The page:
Lilia Moritz Schwarcz, a professor of anthropology at the University of São Paulo, is known in the United States as the author of The Spectacle of the Races: Scientists, Institutions, and the Race Question in Brazil, 1870-1930 (English edition, 1999) and The Emperor’s Beard: Dom Pedro II and the Tropical Monarchy of Brazil (2004).
Today, the old cliché of laid-back, exotic Brazil is increasingly being supplanted by a less naive image, one dominated by violence, favelas, and drug-trafficking. But what is the meaning of this image, and how much grounding does it have in reality?
On October 31, a former bureaucrat named Dilma Rousseff became the first female president of Brazil after easily winning a runoff election with 56 percent of the vote. Yet this outcome had very little to do with Rousseff’s appeal among the Brazilian public or any distinct political platform of her own. Instead, it reflected the overwhelming popularity of outgoing president Luís Inácio Lula da Silva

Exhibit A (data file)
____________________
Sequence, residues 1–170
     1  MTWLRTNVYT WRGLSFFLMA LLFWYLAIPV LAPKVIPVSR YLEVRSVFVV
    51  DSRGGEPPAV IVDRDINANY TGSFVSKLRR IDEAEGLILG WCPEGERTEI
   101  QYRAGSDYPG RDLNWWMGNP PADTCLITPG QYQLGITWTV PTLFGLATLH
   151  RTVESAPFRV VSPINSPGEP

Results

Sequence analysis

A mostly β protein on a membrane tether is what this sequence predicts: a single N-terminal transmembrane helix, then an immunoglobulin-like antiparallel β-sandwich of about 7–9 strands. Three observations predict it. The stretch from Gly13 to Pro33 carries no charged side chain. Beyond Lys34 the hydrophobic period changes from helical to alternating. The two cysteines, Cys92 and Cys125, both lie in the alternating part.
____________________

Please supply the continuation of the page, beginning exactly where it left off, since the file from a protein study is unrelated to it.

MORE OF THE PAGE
Brazil is a country given to extremes. It’s a nation that combines rapid technological development with the continuity of popular traditions, urban growth and modernization with long-established rural culture. Such contrasts also come through in politics.